Structural complexity affected the consumption of mosquito larvae by B. fuscipennis, indicating that the presence of refuge in the water column protected mosquitoes. Similar results have been observed previously for N. undulata preying on Cx. pipiens larvae, and have been attributed to behavioral changes of prey, that include reduced movements and the occupation of edges and protected areas (Sih 1986). Other traits of the predator, such as the type of functional response, the preference for different mosquito instars, and the preference for Moina sp. remained relatively constant under the conditions analyzed, suggesting that the presence of aquatic vegetation would not substantially affect the predatory behavior of B. fuscipennis. In contrast, in the presence of Chironomus sp. as alternative prey, the preference for mosquitoes was significantly reduced, mainly because of a decrease in the consumption of mosquito larvae, whereas consumption of Chironomus sp. remained constant. Taking into account that no refuge was provided on the substrate for chironomids, it is probable that our experimental design might have underestimated the preference for immature mosquitoes as compared to that in natural conditions, where substrate refuge for chironomids is always available. In addition, the choice of artificial refuge instead of natural aquatic plants might have affected the outcome of the experiments, and future studies should compare the effects of natural and artificial refuges on the behavior of prey and on the ability of predators to consume mosquito larvae.

The lower total consumption rate in the size preference experiment, as compared to the experiments with alternative prey, was unexpected. One possible explanation would be that the presence of not-preferred prey types, such as 1st and 4th instar larvae, and even pupae, could have been a distractive factor during the experiment, mostly taking into account that pupae and 4th instar larvae are likely to be the most easily detected prey, as observed for N. hoffmanni (Scott and Murdoch 1983). Taking into account that most of the behavioral explanations for our results are based on studies performed on other predatory notonectids, additional studies on B. fuscipennis behavior during its interaction with different prey species would largely increase the understanding of the mechanisms involved in the preference of this predator for different prey types and sizes.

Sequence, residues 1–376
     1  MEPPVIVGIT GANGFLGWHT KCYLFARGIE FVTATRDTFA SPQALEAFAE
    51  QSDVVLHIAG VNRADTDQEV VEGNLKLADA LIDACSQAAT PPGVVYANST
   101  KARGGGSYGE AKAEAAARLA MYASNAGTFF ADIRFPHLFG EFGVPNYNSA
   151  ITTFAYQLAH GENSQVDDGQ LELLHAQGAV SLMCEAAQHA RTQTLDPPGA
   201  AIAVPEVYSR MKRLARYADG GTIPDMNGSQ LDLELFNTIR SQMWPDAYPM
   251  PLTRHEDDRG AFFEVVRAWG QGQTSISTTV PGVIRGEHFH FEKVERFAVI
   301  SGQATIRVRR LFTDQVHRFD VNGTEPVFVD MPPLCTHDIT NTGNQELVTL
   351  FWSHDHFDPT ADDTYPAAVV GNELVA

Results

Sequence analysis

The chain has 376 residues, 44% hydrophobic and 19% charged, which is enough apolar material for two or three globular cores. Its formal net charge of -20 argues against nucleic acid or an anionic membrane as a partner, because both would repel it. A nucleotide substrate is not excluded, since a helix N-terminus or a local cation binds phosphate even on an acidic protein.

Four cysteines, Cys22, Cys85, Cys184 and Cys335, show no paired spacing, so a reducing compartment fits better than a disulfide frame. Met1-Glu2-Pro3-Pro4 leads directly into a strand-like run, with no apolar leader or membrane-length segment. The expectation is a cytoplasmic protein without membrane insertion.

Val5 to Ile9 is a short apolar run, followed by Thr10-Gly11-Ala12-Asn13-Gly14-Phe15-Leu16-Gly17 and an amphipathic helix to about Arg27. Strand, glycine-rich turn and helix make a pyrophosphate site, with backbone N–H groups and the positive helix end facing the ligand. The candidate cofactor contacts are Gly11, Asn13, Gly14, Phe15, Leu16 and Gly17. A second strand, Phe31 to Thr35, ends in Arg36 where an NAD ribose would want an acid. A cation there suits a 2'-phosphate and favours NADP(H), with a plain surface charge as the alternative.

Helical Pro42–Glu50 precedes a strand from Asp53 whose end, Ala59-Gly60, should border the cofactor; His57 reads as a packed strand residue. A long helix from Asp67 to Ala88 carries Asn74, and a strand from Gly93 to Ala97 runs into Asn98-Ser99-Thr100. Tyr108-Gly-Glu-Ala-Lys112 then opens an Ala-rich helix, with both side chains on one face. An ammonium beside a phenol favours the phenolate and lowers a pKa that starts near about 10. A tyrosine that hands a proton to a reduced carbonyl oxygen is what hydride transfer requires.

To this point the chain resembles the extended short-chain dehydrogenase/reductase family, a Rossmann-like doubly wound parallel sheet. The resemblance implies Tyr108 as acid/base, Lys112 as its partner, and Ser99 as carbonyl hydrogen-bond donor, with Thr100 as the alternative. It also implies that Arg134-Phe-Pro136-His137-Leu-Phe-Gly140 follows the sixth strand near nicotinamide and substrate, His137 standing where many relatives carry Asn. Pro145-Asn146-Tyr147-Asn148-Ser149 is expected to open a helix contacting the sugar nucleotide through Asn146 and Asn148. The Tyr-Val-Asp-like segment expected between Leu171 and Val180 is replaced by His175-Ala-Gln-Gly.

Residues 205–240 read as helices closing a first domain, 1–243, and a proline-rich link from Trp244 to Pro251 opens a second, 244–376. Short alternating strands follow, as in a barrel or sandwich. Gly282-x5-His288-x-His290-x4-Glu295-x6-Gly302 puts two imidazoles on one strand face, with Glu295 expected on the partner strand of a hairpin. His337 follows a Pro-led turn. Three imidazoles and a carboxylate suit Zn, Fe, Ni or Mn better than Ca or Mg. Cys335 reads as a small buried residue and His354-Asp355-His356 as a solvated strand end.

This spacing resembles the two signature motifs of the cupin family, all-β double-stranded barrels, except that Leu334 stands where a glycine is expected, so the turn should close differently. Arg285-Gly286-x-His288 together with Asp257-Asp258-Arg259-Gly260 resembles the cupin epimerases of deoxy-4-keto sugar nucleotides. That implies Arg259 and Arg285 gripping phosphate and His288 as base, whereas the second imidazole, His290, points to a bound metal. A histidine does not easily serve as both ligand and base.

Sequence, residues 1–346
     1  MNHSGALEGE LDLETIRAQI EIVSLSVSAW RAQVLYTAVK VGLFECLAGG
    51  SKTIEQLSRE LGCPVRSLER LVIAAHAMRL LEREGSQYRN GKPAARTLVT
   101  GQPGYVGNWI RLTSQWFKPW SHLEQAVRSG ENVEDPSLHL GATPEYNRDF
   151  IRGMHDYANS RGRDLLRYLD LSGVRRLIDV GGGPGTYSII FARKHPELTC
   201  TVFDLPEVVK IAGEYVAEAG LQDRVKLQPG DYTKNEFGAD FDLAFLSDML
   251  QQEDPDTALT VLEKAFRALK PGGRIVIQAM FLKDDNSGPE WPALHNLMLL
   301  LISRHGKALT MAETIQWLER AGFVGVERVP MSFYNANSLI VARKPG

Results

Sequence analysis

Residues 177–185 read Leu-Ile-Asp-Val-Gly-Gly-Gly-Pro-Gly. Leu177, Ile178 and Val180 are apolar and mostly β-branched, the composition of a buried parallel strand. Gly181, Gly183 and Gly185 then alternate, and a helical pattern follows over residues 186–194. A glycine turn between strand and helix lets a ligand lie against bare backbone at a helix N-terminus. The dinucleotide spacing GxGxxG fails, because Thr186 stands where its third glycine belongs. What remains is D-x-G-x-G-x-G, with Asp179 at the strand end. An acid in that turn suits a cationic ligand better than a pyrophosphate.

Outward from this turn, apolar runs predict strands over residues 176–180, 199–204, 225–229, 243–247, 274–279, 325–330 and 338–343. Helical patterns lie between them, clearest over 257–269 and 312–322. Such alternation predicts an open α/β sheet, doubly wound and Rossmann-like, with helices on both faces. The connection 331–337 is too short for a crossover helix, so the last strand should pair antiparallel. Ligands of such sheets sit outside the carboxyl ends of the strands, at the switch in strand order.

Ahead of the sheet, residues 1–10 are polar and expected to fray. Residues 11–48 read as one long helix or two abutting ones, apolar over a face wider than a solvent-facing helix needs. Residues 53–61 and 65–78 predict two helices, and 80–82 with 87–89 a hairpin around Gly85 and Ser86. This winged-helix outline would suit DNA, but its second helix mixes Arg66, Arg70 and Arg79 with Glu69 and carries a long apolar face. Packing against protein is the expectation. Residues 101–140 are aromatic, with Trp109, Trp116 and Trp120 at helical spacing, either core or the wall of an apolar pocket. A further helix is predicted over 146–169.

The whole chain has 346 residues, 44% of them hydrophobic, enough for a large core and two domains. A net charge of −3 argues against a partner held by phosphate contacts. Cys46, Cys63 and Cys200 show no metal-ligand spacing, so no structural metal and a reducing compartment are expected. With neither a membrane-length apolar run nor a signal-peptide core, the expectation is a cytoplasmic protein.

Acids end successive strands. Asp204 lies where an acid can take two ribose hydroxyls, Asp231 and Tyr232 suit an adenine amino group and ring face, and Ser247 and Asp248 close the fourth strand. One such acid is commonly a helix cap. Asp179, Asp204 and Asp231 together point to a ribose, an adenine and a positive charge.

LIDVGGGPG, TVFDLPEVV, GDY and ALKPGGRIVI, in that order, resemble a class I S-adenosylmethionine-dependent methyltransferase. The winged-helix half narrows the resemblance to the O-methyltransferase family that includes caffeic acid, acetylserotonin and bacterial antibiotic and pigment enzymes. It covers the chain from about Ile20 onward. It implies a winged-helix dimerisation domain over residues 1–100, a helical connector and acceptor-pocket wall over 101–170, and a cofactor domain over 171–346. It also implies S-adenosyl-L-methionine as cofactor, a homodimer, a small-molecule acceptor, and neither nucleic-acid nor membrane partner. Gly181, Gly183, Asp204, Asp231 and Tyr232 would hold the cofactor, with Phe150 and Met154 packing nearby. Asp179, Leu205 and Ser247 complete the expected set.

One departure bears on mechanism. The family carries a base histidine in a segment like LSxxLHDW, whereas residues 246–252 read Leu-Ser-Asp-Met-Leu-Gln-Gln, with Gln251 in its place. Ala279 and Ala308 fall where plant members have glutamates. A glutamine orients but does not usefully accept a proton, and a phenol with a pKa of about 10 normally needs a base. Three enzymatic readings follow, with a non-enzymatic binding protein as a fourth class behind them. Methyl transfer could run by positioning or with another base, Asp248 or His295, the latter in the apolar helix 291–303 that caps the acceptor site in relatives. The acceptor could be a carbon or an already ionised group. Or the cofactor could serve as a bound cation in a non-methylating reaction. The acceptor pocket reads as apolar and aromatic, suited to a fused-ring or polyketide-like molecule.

The results of the present paper show that B. fuscipennis could exert a control on Cx. pipiens larvae in natural conditions, and it is likely that this predator also affects the remaining mosquito species breeding in the same habitats. Nevertheless, taking into account the differential effect on mosquitoes in the presence of different alternative prey types, it is likely that this predator is less appropriate for controlling mosquitoes in temporary environments, where the most abundant alternative prey are cladocerans, and that it will be more effective in habitats where chironomids are the most abundant alternative prey, especially in those without abundant aquatic vegetation.


We thank Lic. Horacio Sirolli and the authorities and technical staff of the Reserva Ecológica Costanera Sur for authorizing and assisting the collection of the predatory insects and chironomids used in this study. We also thank Dr. Analia C. Paggi for the identification of the chironomid larvae. This study was partly supported by the Universidad de Buenos Aires, Argentina and by a grant awarded by FONCyT (PICT-2008–2220). S. Fischer is a Career Member of CONICET. G. Zanotti, A. Castro and L. Quiroga hold scholarships from the Facultad de Ciencias Exactas y Naturales, Universidad de Buenos Aires.